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Epilepsy is a medical condition that produces seizures affecting a variety of mental and physical functions. It is also called a seizure disorder. When a person has two or more unprovoked seizures, they are considered to have epilepsy. Seizures happen when clusters of nerve cells in the brain signal abnormally, which may briefly alter a person's consciousness, movements or actions.
According to the Centers for Disease Control and Prevention, epilepsy affects 2.2 million Americans. The Institute of Medicine, in their recent report "Epilepsy Across the Spectrum," says "the 2.2 million prevalence estimate is most accurately viewed as approximating a midpoint in a wide potential range of 1.3 million to 2.8 million people with epilepsy."
Epilepsy affects 65 million people worldwide.
While medications and other treatments help many people of all ages who live with epilepsy, more than a million people continue to have seizures that can severely limit their school achievements, employment prospects and participation in all of life's experiences. It strikes most often among the very young and the very old, although anyone can develop epilepsy at any age. In the U.S., it affects more than 300,000 children under the age of 15--more than 90,000 of whom have seizures that cannot be adequately treated.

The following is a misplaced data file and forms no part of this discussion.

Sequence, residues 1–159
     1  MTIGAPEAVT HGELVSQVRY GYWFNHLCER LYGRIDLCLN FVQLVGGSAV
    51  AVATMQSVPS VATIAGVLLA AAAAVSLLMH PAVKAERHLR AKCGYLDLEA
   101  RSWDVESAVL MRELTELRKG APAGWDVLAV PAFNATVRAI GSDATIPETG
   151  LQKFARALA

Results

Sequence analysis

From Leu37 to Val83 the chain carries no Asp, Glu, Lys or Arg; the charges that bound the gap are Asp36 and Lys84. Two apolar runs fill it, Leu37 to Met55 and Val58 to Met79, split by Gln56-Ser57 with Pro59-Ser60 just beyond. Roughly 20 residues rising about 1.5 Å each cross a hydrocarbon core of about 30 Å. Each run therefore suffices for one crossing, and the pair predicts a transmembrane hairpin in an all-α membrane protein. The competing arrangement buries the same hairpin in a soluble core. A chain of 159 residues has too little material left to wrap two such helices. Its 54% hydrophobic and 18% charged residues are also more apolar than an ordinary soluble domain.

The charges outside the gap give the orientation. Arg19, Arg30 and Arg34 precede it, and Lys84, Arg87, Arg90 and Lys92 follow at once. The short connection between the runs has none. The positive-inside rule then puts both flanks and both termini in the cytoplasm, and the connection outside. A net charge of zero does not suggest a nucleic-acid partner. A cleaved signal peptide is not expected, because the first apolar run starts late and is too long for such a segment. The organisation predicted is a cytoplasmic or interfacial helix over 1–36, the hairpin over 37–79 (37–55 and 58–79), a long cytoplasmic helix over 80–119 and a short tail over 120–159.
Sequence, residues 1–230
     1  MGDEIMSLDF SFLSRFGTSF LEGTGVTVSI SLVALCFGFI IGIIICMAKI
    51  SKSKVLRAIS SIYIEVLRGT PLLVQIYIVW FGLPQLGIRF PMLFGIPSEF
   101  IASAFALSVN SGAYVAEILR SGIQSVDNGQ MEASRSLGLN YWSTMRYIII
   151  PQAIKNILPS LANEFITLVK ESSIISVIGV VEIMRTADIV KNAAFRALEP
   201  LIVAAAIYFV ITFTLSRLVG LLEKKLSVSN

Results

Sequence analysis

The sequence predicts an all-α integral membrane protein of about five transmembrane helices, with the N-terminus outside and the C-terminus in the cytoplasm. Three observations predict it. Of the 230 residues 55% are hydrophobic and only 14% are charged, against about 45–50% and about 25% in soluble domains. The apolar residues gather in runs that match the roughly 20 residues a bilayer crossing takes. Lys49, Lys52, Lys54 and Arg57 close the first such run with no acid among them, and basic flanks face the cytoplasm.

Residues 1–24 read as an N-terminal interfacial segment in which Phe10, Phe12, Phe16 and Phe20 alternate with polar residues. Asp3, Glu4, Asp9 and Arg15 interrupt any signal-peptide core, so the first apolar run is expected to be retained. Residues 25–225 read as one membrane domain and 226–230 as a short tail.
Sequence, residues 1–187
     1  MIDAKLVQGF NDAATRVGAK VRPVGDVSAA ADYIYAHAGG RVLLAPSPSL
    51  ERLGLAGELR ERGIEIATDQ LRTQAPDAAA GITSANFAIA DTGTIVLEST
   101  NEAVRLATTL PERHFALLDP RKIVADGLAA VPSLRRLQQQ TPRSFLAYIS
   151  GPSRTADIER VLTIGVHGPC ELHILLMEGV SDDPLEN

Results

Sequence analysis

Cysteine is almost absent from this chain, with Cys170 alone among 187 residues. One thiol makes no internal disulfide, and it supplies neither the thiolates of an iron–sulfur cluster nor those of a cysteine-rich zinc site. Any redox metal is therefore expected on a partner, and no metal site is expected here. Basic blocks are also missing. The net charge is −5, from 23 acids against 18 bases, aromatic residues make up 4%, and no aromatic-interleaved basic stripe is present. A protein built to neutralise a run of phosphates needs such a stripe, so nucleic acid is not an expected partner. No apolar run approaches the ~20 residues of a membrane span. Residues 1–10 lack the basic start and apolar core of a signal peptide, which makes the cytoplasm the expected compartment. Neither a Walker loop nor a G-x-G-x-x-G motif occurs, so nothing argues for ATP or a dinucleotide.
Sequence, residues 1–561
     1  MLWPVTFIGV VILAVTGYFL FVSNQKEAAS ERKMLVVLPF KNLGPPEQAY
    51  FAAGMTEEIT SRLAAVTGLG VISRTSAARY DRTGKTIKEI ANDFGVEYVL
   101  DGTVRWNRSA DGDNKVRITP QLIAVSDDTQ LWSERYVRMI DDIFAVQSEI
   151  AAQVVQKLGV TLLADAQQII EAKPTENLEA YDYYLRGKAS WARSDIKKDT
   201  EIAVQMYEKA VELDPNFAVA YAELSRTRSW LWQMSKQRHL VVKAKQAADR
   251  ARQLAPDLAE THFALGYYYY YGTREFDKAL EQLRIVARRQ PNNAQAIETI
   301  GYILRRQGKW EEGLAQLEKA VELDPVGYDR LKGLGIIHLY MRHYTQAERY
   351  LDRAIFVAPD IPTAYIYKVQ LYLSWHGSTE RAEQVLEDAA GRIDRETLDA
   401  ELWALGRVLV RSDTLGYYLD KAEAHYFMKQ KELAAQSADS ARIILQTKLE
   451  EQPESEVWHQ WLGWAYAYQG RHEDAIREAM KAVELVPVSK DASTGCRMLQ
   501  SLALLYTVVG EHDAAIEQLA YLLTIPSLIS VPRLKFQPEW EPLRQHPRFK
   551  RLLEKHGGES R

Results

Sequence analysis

The number of epilepsy cases in the elderly is climbing as the baby boom generation reaches retirement age. More than 570,000 adults age 65 and above have the condition. Our returning veterans are also affected as studies show an increased risk of developing epilepsy following traumatic brain injury.
Epilepsy is the fourth most common neurological disorder in the U.S. after migraine, stroke, and Alzheimer's disease. Its prevalence is greater than autism spectrum disorder, cerebral palsy, multiple sclerosis and Parkinson's disease combined. Despite how common it is and major advances in diagnosis and treatment, epilepsy is among the least understood of major chronic medical conditions, even though one in three adults knows someone with the disorder.
Thank you friend, Dad/actor Greg Grunberg who continues to show me/people year after year what it TRULY means to be dedicated to the happiness and well being of your family ;) Thank you for sharing what it feels like/how to deal with life when your child or someone you love has epilepsy...what we can do to help during seizures and what we can do to help fight for a cure...